A duke usurps his brother's land and power, banishing him and his retinue into the forest of Arden. The banished duke's daughter, Rosalind, remains with her cousin Celia. She has fallen in ... See full summary »
The growing ambition of Julius Caesar is a source of major concern to his close friend Brutus. Cassius persuades him to participate in his plot to assassinate Caesar, but they have both sorely underestimated Mark Antony.
Macbeth, the Thane of Glamis, receives a prophecy from a trio of witches that one day he will become King of Scotland. Consumed by ambition and spurred to action by his wife, Macbeth murders his king and takes the throne for himself.
Richard's military skills have helped to put his older brother Edward on the throne of England. But jealousy and resentment cause Richard to seek the crown for himself, and he conceives a lengthy and carefully calculated plan using deception, manipulation, and outright murder to achieve his goal. His plotting soon has tumultuous consequences, both for himself and for England.Written by
The failure of this movie to earn a profit in the U.S. during its theatrical release, together with the untimely death of Alexander Korda, who had backed the production of this movie, effectively ended Olivier's dream of filming Shakespeare as a director. He is accorded the honor of being the greatest Macbeth of the twentieth century, but he could never raise the financing to make the movie after the financial failure of this one. Mike Todd expressed interest in financing an Olivier version of "Macbeth", but Todd was killed in a plane crash before those ideas could come to fruition. Olivier never again directed a Shakespearean film, possibly the result of the fabled actors' curse attached to "The Scottish Play". See more »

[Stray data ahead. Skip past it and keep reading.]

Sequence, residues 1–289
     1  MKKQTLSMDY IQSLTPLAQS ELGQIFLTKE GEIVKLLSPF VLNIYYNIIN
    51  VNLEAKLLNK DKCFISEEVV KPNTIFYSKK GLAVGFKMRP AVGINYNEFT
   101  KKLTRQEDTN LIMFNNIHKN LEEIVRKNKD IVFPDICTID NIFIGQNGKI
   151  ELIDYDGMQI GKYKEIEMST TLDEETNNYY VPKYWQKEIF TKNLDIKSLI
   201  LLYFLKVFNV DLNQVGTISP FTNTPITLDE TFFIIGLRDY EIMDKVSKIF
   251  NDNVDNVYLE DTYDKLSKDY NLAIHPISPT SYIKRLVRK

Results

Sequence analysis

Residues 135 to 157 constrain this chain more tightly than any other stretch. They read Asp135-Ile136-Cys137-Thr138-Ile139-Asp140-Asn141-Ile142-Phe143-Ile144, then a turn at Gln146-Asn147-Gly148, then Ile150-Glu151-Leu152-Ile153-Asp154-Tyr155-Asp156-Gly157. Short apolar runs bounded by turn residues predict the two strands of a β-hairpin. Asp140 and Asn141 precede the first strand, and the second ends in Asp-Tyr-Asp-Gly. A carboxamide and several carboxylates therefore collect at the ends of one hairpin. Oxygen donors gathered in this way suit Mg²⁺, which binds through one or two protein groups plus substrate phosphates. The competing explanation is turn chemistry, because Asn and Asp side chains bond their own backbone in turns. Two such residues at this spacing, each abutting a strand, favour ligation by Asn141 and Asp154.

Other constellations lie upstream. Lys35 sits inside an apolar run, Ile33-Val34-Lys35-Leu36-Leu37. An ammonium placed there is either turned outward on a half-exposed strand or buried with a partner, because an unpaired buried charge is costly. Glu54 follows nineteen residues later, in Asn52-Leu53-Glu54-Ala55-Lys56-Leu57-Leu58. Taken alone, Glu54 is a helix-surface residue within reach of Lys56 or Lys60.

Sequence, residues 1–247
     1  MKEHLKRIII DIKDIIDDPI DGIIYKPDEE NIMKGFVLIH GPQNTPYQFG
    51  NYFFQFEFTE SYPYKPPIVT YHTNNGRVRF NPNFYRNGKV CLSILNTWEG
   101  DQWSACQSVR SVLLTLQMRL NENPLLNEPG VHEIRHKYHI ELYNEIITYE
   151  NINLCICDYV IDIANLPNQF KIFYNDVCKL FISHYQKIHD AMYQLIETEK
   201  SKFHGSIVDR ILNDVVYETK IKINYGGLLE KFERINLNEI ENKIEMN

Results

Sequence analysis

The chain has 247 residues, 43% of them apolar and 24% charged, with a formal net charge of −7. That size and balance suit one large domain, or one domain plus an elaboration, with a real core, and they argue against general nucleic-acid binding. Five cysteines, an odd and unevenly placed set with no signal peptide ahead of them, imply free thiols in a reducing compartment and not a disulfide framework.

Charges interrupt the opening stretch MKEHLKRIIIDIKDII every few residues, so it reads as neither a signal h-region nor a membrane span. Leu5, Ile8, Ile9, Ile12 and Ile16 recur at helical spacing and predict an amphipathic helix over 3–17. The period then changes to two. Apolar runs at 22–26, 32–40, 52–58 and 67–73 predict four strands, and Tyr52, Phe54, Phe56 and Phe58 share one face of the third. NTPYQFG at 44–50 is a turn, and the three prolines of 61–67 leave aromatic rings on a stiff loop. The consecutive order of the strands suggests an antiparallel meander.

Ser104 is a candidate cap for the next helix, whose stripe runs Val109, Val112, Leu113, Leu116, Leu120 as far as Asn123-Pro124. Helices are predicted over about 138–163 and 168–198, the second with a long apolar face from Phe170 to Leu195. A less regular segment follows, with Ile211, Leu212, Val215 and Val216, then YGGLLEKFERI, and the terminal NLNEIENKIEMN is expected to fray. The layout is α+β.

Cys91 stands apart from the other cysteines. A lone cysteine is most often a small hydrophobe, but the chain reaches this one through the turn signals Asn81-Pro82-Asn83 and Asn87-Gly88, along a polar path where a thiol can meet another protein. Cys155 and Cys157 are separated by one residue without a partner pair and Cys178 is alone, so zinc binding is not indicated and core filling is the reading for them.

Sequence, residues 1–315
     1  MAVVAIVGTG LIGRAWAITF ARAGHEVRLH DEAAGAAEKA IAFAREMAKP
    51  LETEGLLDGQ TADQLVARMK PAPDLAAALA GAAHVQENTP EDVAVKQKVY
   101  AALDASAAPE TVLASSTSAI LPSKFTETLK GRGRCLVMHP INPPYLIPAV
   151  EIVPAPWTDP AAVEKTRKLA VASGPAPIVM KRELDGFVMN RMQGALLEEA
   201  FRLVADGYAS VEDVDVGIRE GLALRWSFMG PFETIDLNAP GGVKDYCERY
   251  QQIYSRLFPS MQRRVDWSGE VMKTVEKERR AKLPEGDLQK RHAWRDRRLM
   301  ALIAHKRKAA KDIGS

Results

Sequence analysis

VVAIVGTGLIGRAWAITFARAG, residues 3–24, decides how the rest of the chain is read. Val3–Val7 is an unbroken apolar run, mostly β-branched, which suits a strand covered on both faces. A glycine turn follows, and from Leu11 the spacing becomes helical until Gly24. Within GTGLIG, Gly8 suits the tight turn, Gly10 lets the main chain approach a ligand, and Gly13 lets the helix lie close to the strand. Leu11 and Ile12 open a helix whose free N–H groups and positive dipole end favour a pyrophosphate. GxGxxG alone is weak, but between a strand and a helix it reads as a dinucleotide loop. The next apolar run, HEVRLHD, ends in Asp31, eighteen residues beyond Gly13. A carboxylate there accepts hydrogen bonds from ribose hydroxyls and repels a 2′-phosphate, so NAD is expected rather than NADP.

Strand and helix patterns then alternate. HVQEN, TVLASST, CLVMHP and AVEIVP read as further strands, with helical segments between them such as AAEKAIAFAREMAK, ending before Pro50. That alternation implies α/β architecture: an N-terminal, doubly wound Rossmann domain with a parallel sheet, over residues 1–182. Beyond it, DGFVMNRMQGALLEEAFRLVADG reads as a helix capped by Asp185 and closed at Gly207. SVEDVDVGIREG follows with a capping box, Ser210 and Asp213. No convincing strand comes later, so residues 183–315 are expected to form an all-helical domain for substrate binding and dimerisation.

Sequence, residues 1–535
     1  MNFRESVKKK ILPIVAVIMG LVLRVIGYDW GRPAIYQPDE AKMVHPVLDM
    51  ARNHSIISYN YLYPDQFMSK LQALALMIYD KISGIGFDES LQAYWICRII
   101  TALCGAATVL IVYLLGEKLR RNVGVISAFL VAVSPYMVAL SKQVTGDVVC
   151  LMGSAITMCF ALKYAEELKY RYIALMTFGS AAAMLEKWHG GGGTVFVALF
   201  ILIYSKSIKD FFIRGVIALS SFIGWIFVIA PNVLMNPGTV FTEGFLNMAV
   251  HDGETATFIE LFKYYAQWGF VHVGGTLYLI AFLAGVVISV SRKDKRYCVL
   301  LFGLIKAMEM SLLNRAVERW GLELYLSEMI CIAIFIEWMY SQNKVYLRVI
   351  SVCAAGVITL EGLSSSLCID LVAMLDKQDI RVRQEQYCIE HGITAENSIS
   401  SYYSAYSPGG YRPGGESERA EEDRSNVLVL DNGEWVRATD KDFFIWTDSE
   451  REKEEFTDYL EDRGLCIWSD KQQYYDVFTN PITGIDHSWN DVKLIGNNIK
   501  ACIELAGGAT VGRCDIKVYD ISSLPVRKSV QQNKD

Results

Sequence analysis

When Richard tells Lady Anne to kill him, she grabs the sword and it bends. It is even more noticeable when Richard puts the sword to his own neck. See more »
Many great actors made their names with this Richard, and it turns out to be Olivier's greatest Shakepearean role as well. He captures the whole production coiling his way around the Crown of England: his asides to us through the camera are lovely. They say all actors love to play a villain. Well, it works for me.
The movie is beautiful, rich; the costumes are awesome; and the dialogue, of course, is wonderful. He patches in that great speech from Henry VI, part 3: "Why, I can smile, and murder whiles I smile . . .": and the movie wouldn't be right without it.
The other actors, Britain's elite of the time, seem to be tyrannized by the boss; and the text should have been edited better, because if you don't know the play and practically the whole history you'll get lost. Not to worry, though; the subplots here aren't really important (but they should be), and the thundering battle at the end will leave you satisfied. Special mention of Sir William Walton's music, the vibrant colors, and of course, England itself.
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